SB 662 Seeks to Revise Financing Provisions and Definition of Lake Level.

By Paul J Sniadecki, MLSA Board Director

Scores of Michigan’s inland lakes have a court ordered lake level. Generally, they can be found on lakes that are spring-fed, or have a water inlet (e.g. a stream). A dam, a weir or a barrage are devices that maintain the lake level ordered by the court. Some “kettle” lakes have augmentation wells that pump deep ground water to maintain the lake level.

MCL 324.30701 et al (a.k.a. Part 307) controls how such legal lake levels are set, who is responsible to ensure the level is maintained, and how the process in funded. Part 307 does not use the term ‘Legal Lake Level.’ Instead it uses an old legal term ‘Normal Level’ as follows:

MCL 324.30701 Definitions. (h) “Normal level” means the level or levels of the water of an inland lake that provide the most benefit to the public; that best protect the public health, safety, and welfare; that best preserve the natural resources of the state; and that best preserve and protect the value of property around the lake. A normal level shall be measured and described as an elevation based on national geodetic vertical datum.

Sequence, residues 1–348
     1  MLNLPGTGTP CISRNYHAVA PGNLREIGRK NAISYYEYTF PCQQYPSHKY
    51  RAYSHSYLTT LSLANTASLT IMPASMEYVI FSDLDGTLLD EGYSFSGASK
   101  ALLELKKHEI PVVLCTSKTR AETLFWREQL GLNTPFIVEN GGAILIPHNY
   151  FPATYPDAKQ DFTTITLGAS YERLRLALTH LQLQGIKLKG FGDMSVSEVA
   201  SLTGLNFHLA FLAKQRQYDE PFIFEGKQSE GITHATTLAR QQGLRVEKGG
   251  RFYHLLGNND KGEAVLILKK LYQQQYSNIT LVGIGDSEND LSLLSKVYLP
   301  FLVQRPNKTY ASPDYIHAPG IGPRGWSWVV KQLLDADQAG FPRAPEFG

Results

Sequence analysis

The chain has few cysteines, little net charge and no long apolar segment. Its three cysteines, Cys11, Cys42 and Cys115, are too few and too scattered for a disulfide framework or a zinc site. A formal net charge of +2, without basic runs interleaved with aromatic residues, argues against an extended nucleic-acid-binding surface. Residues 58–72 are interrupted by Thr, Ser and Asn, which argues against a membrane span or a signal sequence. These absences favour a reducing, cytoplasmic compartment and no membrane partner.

People on lakes with legal levels can tell you that levels regularly fluctuate in small amounts from weather, natural events, or construction activities. In fact, lakes petitioning courts now generally seek a range of values as opposed to a precise set elevation.

The authorities charged with maintaining the level, in general, take the responsibility seriously and put much effort into it. However, some riparians take issue with the slightest variation. In the 2022 court case Citizens for Higgins Lake Legal Levels v. Roscommon County Board of Commissioners, in the Michigan Court of Appeals, held that a “normal lake level” must be strictly maintained with no variance allowed. As a result some communities have concerns that they could be sued for not keeping a lake level at its normal level despite the lake level change resulting from temporary or natural phenomena. So SB 622 proposes lake levels under Part 307 be allowed to vary due to weather, natural events, or construction activities.

The bill would amend Part 307 (Inland Lake Levels) of the Natural Resources and Environmental Protection Act to do the following:

  • Modify the definition of “normal level” related to inland lakes to allow for temporary fluctuations in water level resulting from weather, natural events, or construction activities.
  • Exempt financing for dams under Part 307 from a current cap on the total amount of bonds and notes that a special assessment district may issue.
  • Modify other requirements of dam financing under Part 307.

SB 622 was introduced on November 9, 2023, made it out of committee with a unanimous vote, and was passed by the Senate on February 28, 2024, via a 23-15 vote. The bill is now in the Michigan House.

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